Total RNA was prepared from cells using TRIzol reagent (Gibco-BRL Life Technologies, Grand Island, NY, USA), according to the manufacturer's instructions. After purification, 1 µg RNA was reverse-transcribed using SuperScript reverse transcriptase (Gibco-BRL Life Technologies, Grand Island, NY, USA) and the universal primer oligo (dT)15 (Promega, Madison, WI, USA). In each reaction, 1 µL of cDNA was added to 24 µL PCR buffer (Gibco-BRL Life Technologies, Grand Island, NY, USA) supplemented with 2 mM MgCl2, 0.2 µM of each primer, and 1-U Koma Taq polymerase (Koma International, Seoul, Korea). Using a GeneAmp PCR system (Perkin Elmer, Norwalk, CT, USA), 30 cycles of 1 min at 94℃, 45 sec at 55-65℃, and 1 min at 72℃ were performed. The following primers were used: human
The quantification of human
Western blotting was used to detect CXCL12. Cells were starved in serum-free medium for 12 hr and then collected by centrifugation, washed in PBS, and lysed using sodium dodecyl sulfate (SDS) sample buffer (187.5 mM Tris-HCl, pH 6.8, 6% (w/v) SDS, 100% glycerol, 150 mM dithiothreitol, and 0.03% (w/v) bromophenol blue). Equal amounts of protein from each sample were separated by electrophoresis on 10% SDS-polyacrylamide gels and transferred to polyvinylidene fluoride membranes (Amersham Life Science, Arlington Heights, IL, USA). The membranes were blocked for 1 hr in Tris-buffered saline (TBS) containing 5% (w/v) milk and 0.1% Tween 20 and then incubated with a primary mouse monoclonal antibody (Cell Signaling Technology Inc., Danvers, MA, USA) overnight at 4℃. The blots were washed with TBS containing Tween 20, incubated with the secondary antibody for 2 hr, and developed using West-Zol Plus (iNtRON Biotechnology, Seoul, Korea). Anti-mouse CXCL12 polyclonal antibody (Thermo Scientific, Barrington, IL, USA) was used.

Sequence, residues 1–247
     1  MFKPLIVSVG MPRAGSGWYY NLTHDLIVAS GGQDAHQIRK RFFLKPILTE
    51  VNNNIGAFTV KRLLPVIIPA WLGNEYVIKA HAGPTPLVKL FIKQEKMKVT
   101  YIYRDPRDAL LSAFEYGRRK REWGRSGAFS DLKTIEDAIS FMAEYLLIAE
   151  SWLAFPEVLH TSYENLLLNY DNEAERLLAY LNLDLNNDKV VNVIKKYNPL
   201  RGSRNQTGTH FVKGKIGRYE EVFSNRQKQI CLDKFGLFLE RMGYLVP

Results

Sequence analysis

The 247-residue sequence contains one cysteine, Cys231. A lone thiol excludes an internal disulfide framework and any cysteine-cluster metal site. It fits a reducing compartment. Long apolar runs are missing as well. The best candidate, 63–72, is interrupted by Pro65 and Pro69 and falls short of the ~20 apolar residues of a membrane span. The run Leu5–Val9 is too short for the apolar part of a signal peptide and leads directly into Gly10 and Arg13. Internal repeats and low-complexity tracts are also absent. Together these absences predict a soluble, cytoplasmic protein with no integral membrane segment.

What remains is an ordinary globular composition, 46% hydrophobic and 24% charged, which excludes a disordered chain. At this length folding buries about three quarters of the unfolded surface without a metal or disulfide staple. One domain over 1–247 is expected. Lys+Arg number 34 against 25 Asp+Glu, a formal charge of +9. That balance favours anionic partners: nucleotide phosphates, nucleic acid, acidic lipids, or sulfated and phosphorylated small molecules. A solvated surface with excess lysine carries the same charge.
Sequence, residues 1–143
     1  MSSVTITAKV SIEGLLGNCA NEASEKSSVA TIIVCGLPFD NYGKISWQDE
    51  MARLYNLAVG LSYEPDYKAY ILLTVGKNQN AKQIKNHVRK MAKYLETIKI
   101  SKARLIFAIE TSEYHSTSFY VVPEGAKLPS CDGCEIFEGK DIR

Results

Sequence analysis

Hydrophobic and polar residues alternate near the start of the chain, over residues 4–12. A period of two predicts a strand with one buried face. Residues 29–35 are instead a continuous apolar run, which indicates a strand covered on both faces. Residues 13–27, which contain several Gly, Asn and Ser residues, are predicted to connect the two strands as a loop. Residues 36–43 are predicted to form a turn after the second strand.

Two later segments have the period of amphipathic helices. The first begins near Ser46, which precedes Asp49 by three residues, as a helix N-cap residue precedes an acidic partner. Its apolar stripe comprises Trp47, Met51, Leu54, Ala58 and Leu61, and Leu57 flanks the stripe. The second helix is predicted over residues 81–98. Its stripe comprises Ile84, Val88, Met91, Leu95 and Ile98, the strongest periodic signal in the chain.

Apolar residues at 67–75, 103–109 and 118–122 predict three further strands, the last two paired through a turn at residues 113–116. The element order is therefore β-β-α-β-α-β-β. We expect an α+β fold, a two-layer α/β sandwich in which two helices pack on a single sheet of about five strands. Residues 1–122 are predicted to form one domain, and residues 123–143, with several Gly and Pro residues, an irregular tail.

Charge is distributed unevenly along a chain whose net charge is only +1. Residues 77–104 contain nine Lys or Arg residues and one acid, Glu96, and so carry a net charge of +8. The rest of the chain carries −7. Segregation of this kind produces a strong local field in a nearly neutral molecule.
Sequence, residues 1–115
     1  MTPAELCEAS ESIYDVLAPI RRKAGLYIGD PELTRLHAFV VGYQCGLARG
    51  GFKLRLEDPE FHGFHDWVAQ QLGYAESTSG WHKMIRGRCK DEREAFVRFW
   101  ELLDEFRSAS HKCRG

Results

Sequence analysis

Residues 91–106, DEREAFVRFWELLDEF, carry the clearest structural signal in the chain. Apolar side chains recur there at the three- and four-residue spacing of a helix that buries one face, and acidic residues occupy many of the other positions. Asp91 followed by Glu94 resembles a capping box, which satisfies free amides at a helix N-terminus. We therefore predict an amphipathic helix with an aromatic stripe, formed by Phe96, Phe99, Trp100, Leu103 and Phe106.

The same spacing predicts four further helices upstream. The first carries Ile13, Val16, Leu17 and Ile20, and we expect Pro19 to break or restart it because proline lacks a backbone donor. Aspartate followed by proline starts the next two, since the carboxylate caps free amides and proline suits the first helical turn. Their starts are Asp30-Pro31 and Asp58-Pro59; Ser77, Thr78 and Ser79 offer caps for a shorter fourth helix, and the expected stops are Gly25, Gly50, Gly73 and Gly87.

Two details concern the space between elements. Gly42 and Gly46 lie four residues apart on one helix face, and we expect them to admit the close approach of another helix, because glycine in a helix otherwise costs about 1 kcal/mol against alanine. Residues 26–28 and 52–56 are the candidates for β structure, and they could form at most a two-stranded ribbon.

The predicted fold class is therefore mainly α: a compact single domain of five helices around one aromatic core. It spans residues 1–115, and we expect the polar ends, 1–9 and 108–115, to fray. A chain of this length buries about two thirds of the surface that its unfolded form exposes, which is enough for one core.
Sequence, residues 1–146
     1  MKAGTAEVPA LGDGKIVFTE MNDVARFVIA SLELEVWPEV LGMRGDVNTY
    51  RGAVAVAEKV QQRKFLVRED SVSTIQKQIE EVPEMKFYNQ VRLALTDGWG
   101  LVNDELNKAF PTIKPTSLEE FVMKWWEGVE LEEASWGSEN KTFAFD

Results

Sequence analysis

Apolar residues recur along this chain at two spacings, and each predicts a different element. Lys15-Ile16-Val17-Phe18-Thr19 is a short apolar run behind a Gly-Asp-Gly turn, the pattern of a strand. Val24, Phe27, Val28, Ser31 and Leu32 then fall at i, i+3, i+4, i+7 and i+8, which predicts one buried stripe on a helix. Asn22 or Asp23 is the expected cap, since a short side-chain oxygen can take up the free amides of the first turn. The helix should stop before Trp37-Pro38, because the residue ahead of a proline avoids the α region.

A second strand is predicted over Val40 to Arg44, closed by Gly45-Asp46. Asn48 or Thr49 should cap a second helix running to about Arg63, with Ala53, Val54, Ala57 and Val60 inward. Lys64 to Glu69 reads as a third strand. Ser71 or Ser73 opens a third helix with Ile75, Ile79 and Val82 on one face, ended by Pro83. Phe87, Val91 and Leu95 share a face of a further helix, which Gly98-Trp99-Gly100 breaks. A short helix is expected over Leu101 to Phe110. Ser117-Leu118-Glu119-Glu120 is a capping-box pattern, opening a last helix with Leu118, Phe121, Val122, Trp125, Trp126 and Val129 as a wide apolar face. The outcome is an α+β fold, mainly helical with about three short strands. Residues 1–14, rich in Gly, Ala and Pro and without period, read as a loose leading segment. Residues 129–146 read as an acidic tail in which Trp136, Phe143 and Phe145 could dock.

Cells were seeded in 12-well plates (3×105 cells/well), incubated for 5-10 min at room temperature, and then transfected with 5-25 nM
Results are expressed as the mean±standard deviation (SD) of at least 3 experiments. Data were analyzed using Student's
All AML cell lines examined in this study (U937, K562, KG1a, HL-60, and MO7e) expressed both
CXCL12 induced the internalization of cell surface CXCR7 in the U937 cells (Fig. 2). Subsequently, we examined whether certain cytokines affected the expression of CXCR7 in AML cells. The AML cell lines were incubated with cytokines at various concentrations for up to 72 hr and then CXCR7 expression on the cell surface was examined using flow cytometry. The hematopoietic growth factors (IL-1β, IL-3, IL-6, G-CSF, GM-CSF, and SCF) and proinflammatory cytokines (IFN-γ, TGF-β, and TNF-α) examined did not alter the cell surface CXCR7 expression on the U937 cells. Similar results were obtained in the K562, KG1a, HL-60, and MO7e cells (data not shown). Exposure of the U937 cells to hypoxia (5% CO2 and 1% O2, balanced with N2 gas) at 37℃ for up to 12 hr did not alter the CXCR7 expression in these cells (Fig. 3). Similar results were obtained in the K562, KG1a, HL-60, and MO7e cells (data not shown).
To examine the role of CXCR7 in the migration of AML cells, we knocked down
To examine the roles of CXCR4 and CXCR7 in the survival and proliferation of AML cells, we knocked down